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I'm definitely no Guru but the article stated that the potential buyers couldn't come up with the down payment. The ethical Option Fee of 3-3.5% of asking price is considered the down payment & with proper documentation it will be viewed as such. Also Seller Concessions of $3,500-$4,000 is also In the potential buyers favor if they reach a 2-3 yr goal of a cleaned up credit score. If the Investor wanted to go above & beyond as our Bigger Pockets Professors have taught us than a 1003 app is in order.  With this App a licensed RMLO or MLO will let the potential buyer know if this house can be attained In the 2-3 yr window the Investor has set up with the Seller.

I agree here with @Jeremy T.   There are two contracts. One is the lease agreement and the other is the option agreement. If you ever have to go to court to evict the Tenant/Buyer you evict them on the basis of the lease.  Please correct me if I am wrong.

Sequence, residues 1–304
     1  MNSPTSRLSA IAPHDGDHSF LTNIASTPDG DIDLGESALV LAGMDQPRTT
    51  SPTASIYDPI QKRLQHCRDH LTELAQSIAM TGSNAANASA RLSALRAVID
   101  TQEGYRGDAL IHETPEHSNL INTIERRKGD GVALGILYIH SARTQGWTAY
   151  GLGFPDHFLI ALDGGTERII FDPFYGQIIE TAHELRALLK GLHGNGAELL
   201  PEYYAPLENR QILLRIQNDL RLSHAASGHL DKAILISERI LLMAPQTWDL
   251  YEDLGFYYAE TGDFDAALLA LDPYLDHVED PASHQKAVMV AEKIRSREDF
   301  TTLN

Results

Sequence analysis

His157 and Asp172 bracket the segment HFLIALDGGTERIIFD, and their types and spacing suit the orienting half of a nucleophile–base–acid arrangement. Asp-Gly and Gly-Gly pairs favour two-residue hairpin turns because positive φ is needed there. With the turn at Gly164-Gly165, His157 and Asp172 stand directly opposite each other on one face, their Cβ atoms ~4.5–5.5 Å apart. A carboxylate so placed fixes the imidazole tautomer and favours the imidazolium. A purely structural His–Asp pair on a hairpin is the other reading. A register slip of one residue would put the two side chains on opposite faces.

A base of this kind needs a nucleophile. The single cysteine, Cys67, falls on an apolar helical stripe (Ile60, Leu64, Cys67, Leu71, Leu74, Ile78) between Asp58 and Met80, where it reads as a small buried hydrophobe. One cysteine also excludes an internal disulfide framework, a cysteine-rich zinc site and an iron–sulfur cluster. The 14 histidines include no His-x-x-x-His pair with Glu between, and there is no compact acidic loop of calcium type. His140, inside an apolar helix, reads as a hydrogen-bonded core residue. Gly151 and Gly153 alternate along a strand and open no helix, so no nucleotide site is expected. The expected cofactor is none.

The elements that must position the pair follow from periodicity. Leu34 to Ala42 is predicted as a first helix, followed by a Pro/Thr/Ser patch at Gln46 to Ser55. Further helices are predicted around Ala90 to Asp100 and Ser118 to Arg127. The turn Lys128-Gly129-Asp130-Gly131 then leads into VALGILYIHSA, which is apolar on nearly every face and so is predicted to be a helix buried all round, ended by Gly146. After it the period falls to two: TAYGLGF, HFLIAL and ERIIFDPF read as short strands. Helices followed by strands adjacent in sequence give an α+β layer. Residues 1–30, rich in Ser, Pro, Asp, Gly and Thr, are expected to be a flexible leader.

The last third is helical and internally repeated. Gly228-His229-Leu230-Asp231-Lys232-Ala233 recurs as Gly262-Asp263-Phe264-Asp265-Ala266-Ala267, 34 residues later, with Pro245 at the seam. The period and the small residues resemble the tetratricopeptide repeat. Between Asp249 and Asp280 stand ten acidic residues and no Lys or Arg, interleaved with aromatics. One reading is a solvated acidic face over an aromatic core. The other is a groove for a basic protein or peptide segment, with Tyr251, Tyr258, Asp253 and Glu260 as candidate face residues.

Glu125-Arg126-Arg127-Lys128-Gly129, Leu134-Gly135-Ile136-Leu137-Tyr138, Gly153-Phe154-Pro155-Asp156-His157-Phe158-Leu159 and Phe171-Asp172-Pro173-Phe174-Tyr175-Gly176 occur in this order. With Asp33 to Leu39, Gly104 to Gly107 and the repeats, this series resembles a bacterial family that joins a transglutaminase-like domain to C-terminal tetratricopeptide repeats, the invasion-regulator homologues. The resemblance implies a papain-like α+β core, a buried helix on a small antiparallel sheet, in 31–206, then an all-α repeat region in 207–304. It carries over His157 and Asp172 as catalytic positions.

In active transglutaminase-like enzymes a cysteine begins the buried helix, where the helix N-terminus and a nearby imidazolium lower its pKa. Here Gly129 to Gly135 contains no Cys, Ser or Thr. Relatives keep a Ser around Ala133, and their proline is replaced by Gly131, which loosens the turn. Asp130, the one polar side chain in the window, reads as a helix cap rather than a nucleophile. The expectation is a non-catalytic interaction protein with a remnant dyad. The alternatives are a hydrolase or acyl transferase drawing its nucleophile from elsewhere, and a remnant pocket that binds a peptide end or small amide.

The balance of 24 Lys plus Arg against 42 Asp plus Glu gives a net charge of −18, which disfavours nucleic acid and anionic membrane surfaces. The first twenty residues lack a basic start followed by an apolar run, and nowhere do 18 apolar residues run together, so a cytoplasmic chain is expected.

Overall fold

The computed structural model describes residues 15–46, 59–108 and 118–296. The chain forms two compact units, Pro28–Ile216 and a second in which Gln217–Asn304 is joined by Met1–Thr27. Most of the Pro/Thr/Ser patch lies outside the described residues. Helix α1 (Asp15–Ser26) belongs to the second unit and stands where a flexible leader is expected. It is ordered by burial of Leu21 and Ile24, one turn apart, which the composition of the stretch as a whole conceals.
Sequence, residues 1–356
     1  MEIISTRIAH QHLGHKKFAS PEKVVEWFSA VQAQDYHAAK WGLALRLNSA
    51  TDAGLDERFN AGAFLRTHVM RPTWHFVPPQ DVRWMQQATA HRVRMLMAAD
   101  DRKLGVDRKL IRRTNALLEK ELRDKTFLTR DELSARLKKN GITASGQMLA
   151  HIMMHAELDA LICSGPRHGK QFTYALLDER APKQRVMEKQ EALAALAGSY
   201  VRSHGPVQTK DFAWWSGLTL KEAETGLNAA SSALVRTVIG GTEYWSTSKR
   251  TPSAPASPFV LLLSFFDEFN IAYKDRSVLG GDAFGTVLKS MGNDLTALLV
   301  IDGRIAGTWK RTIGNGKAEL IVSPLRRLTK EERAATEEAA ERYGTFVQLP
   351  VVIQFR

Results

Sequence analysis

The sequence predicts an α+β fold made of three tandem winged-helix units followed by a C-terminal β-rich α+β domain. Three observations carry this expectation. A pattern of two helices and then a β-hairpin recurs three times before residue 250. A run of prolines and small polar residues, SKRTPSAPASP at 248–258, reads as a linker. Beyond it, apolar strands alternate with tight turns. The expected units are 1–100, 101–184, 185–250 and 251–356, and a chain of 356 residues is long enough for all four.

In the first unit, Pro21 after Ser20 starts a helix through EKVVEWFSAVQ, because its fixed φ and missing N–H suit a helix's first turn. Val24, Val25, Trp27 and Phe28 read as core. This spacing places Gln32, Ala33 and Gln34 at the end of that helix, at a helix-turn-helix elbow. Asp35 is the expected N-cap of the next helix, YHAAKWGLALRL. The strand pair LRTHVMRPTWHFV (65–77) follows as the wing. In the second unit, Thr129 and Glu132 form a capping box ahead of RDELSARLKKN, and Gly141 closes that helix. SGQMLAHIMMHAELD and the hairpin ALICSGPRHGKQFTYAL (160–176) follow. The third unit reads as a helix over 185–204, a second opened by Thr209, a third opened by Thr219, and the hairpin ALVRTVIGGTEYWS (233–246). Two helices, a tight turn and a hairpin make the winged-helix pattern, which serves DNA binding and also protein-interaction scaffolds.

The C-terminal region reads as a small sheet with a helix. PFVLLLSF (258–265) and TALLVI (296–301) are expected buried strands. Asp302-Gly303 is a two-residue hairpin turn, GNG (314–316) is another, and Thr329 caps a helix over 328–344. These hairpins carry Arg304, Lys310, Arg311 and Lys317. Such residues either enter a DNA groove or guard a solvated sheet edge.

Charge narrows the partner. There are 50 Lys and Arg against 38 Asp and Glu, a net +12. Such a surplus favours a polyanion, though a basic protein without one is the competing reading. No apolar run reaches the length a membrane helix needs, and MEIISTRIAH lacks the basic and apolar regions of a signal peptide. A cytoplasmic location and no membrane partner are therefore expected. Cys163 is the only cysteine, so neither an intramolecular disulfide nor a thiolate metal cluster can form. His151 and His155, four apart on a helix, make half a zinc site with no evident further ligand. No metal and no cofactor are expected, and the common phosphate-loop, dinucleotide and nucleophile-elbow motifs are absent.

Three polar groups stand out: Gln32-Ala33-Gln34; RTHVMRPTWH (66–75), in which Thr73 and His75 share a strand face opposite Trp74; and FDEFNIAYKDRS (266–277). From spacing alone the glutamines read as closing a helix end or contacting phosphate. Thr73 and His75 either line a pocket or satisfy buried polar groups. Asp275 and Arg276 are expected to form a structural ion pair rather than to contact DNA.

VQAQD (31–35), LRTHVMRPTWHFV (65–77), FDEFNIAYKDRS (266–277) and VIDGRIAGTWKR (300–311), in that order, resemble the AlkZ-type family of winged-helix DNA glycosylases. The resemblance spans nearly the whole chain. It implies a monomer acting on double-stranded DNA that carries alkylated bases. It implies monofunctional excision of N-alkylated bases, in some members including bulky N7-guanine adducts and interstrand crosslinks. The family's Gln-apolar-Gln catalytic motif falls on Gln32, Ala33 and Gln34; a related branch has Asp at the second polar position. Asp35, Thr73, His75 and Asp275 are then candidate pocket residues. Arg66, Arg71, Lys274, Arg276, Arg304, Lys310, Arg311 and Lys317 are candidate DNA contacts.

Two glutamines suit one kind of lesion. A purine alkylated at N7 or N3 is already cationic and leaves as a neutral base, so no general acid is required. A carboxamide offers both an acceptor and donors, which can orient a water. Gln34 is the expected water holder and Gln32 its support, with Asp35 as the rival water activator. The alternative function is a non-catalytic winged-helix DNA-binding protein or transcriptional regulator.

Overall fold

This is an incredibly stupid article. The title mentioned "Wall Street" but there was no reference to wall street in the article. Most Rent to own deal are done by small operators. As pointed out by the article this reference. 

This article was simply a rehash of the article linked to, and added NO additional information. The article linked to itself was not well researched and admitted that most Rent to own was done by small operators but made no effort to report on any small operators.

Another example of liberal media finding a problem where they have no idea if there actually is one.

Ned, I take it you didn't like the article. I'll take your opinion and won't spend my time going there, thanks.